A trip to China by lawmakers from Brazilian President Jair Bolsonaro's party has stirred anger in the far-right leader's entourage, partly because of his wariness of the Asian power but also because of the group's stated mission.
The delegation of eight members of Bolsonaro's ultraconservative Social Liberal Party (PSL) said it was on the visit to check out Chinese facial-recognition technology, with a view to it maybe being used in Brazil to combat crime.
A Brazilian writer regarded as part of Bolsonaro's brain trust, Olavo de Carvalho, slammed the trip as "craziness" and the lawmakers taking part as "hayseeds," "semi-illiterates" and "idiots."
Bolsonaro himself was reported to be "surprised" by the trip.
That fury stemmed from fears that the lawmakers -- who are to take up their seats in Brazil's new congress from next month -- were naively being used by Beijing, and that sensitive data generated by the facial-recognition technology could end up in Chinese hands.
Underlying that was Bolsonaro's scepticism of China, which is Brazil's biggest trading partner and foreign investor.
He has accused China of wanting to "buy Brazil" by taking control of strategic companies, raising friction with Beijing but alarming his economic team.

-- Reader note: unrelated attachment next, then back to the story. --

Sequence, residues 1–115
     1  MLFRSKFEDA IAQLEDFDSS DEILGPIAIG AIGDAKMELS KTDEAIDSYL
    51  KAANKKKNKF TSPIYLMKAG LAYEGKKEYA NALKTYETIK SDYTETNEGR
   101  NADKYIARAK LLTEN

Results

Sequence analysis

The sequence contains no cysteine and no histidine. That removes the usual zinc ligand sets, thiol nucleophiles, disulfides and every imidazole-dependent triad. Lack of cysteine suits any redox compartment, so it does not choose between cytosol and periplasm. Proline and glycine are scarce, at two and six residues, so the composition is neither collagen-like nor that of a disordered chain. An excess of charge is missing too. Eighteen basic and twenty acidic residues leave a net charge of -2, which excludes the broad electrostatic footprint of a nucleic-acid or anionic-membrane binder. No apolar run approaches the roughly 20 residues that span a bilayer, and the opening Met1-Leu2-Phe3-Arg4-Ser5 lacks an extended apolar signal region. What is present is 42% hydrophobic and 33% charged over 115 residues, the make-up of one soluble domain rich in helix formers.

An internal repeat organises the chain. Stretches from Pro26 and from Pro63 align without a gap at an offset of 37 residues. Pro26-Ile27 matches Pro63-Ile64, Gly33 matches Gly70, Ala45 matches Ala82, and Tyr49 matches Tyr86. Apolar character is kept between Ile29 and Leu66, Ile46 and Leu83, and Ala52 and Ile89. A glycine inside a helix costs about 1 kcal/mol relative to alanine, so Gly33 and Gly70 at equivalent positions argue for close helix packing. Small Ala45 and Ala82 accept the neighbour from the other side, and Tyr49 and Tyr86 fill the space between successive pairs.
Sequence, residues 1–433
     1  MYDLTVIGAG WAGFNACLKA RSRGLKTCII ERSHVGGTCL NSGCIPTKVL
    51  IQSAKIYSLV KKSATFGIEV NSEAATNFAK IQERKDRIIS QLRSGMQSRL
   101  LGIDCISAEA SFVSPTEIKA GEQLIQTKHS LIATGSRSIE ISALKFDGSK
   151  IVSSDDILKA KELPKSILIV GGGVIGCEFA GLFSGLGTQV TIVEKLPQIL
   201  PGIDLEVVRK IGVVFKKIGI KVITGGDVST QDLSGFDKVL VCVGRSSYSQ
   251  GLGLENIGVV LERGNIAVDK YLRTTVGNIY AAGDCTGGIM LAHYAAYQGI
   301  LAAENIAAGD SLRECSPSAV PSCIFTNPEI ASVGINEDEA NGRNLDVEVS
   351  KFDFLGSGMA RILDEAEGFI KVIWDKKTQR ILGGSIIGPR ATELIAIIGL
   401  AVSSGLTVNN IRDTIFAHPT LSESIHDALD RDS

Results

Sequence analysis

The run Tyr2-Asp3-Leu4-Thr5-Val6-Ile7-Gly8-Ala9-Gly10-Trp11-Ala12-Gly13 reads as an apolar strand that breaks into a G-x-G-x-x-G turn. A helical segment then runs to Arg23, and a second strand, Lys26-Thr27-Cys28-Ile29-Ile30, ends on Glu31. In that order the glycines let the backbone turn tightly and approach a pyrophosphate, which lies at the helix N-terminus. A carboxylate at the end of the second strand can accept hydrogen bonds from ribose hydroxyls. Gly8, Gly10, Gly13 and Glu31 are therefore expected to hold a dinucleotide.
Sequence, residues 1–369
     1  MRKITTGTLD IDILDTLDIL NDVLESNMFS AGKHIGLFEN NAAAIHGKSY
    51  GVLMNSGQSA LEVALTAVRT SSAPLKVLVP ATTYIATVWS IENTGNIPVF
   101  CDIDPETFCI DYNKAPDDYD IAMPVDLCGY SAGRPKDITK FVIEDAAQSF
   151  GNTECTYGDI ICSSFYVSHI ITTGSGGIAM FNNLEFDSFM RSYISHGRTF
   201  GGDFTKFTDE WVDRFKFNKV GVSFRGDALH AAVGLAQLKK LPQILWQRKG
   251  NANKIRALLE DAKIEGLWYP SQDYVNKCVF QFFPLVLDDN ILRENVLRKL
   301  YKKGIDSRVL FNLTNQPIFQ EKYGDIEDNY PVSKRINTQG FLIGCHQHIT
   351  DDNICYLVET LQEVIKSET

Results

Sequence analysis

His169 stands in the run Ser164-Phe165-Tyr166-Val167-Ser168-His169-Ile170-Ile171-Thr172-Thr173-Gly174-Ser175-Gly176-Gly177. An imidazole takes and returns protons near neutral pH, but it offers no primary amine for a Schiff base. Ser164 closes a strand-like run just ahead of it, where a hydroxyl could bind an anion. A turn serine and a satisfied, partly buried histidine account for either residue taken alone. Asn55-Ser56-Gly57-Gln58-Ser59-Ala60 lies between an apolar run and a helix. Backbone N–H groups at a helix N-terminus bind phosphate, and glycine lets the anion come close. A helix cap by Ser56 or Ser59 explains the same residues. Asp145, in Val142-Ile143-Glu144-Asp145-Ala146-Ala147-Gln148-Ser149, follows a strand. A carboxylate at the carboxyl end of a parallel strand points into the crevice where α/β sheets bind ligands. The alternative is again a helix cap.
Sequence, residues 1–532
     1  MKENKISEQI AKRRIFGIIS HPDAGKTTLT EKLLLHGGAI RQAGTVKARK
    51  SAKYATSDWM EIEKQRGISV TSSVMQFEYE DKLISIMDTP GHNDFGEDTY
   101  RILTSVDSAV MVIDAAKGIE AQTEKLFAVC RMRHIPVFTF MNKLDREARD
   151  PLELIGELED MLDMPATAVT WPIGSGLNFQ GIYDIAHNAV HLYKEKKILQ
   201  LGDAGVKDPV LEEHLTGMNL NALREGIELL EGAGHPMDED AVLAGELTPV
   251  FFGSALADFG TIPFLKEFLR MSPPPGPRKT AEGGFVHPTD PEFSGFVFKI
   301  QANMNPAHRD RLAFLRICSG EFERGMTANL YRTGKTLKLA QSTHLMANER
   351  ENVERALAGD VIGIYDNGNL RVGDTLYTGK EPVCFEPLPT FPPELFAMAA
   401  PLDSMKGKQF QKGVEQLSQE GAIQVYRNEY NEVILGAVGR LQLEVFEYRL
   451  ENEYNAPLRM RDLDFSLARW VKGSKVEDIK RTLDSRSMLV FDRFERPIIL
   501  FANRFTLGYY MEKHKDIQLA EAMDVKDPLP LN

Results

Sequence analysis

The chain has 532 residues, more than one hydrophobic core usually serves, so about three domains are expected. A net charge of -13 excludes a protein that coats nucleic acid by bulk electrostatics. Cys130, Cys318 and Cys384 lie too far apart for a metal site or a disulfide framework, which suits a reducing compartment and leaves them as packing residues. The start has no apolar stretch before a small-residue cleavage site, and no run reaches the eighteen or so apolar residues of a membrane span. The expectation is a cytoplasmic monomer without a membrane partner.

There is also the fact that China is governed by its Communist Party -- and that Bolsonaro is ferociously opposed to all leftwing ideology.
In a video posted on social media on Wednesday, Carvalho -- nicknamed "Bolsonaro's guru" -- ranted against the traveling lawmakers.
"You are handing Brazil over to China.... Are you going to let these guys hand Brazil over the Chinese system in this way?" he said.
A PSL deputy, Daniel Silveira admitted the trip was being paid for by the Chinese government, but stressed the goal was simply a fact-finding mission to learn more about a technology "we want to apply in Brazil."
He added that it was in Brazil's interest to maintain open channels with other countries, even those with different ideologies, such as North Korea where Brazil has a diplomatic mission, so it can seek to "improve" those countries.
Another PSL deputy, Soraya Thronicke, tweeted: "Who is going to bear China withdrawing from the (Brazilian) market? The 'hayseeds' here have a lot to learn from them (the Chinese)."
A PSL colleague, Carla Zambelli, was quoted in Brazilian media saying that the brouhaha was due to a "big communication error" and that, in any case, the lawmakers were not qualified to sign any technology deal with China.